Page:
Tuesday, April 29, 2014

Nerd Alert: New Bankruptcy Litigation Rules!

By Michael Fuller, The Underdog Lawyer ®

Yesterday, social media was abuzz with news of the Supreme Court's newly proposed amendments to the bankruptcy litigation rules.

Newly Adopted Rules of Bankruptcy Procedure

Okay, no one really cared. But Michelle Olsen with @AppellateDaily did tweet this link to the new rule proposals at 2:45 PM.

View the current bankruptcy litigation rules here.

New Proposals Favor Wall Street

Consumer protection advocates worry that the proposed amendments favor Wall Street, Corporate America, and the defense bar. I tend to agree, but I'm used to it.

Key changes that affect bankruptcy litigators are as follows:

7 Day Service of Summons Deadline

Under the current rules, an adversary proceeding summons and complaint must be served within 14 days of issuance.

The proposed amendment to Rule 7004(e) shortens the deadline from 14 to 7 days.

In bankruptcy litigation, the time to respond to a complaint is based on summons issuance date, not service date. Thus, this amendment benefits defendants (often banks and corporations in consumer cases) by ensuring a minimum 23 days to respond to a complaint.

What kind of plaintiff's lawyer would intentionally sit on a summons and complaint a full 14 days after issuance to minimize a defendant's response time?

Not me. Seriously. But in any event, the practice is largely curbed by the new rule change.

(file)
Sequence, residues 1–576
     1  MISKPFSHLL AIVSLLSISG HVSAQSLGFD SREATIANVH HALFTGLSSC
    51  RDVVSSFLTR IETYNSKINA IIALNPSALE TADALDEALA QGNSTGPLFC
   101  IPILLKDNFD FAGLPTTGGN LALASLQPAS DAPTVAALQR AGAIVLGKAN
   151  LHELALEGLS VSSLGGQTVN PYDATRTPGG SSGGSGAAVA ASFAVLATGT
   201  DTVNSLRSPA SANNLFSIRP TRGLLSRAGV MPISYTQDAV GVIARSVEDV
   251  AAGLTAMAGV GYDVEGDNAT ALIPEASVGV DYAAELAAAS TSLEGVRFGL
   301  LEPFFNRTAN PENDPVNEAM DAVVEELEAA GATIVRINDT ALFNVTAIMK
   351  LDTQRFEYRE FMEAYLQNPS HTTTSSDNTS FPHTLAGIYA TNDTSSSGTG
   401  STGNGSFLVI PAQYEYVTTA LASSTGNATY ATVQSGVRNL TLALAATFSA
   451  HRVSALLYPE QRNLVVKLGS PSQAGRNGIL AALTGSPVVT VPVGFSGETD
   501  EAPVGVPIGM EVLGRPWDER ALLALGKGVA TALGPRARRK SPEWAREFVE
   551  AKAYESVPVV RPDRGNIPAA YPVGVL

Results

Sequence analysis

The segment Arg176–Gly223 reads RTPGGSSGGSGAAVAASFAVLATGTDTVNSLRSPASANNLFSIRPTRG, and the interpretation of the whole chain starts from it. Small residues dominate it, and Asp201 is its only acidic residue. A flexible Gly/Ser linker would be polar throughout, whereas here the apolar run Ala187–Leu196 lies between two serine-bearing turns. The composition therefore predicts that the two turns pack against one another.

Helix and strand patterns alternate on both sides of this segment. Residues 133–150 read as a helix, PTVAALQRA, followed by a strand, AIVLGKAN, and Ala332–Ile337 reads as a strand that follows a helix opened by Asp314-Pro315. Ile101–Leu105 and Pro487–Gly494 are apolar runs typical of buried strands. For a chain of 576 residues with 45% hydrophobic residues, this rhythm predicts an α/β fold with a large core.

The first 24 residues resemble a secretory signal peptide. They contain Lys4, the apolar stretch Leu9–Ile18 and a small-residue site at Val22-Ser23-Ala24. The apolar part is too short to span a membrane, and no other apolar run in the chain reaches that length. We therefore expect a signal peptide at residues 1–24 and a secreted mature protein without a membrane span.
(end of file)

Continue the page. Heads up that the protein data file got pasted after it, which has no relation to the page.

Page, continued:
Attorney's Fees Need Not be Pleaded As a Claim

Currently, Rule 7008(b) requires a claim for attorney's fees be pleaded as a claim in a complaint, answer, etc.

The proposed amendment eliminates subsection (b) entirely, returning bankruptcy litigation to the default claim pleading provisions of Federal Rule of Civil Procedure 8(a).

I'm not old enough to know the history of subsection (b), but the proposed amendment makes sense to me.

Local Rules Allowed to Resolve Fee Issues

The proposed amendments make two substantial changes to Rule 7054 titled, "Judgments; Costs".

First, the new rule requires 14 days notice (opposed to one day under the current rule) before the clerk may enter a cost award to a prevailing party.

Second, the new rule allows local court rules to resolve fee-related issues without the need for "extensive evidentiary hearings".

In other words, the amendment makes it harder for prevailing consumers to recover their entitlement to attorney fees and costs from guilty Wall Street defendants because it removes procedural safeguards without lessening the burden of proof.

Consumers are the most frequent type of party entitled to bankruptcy judgments of attorney fees. These Rule 7054 amendments stand to benefit the defense bar, especially in fee-shifting cases under consumer protection statutes like the FDCPA and the discharge injunction.

Wall Street and Corporate America have teams of expensive attorneys on permanent retainer.

Thus, they have no need for the "fees on fees" rule, which provides reimbursement to a prevailing party in a fee-shifting case when fees are at issue.

Most fee-shifting statutes promote consumer protection, and contain "one way" provisions, meaning it's highly unlikely a corporation would ever be entitled to its attorney fees.


All in all, I endorse the Supreme Court's proposed amendments to the Federal Rules of Bankruptcy Procedure.

While the changes tend to favor Wall Street, Corporate America, and the defense bar, the practical advantage is negligible.

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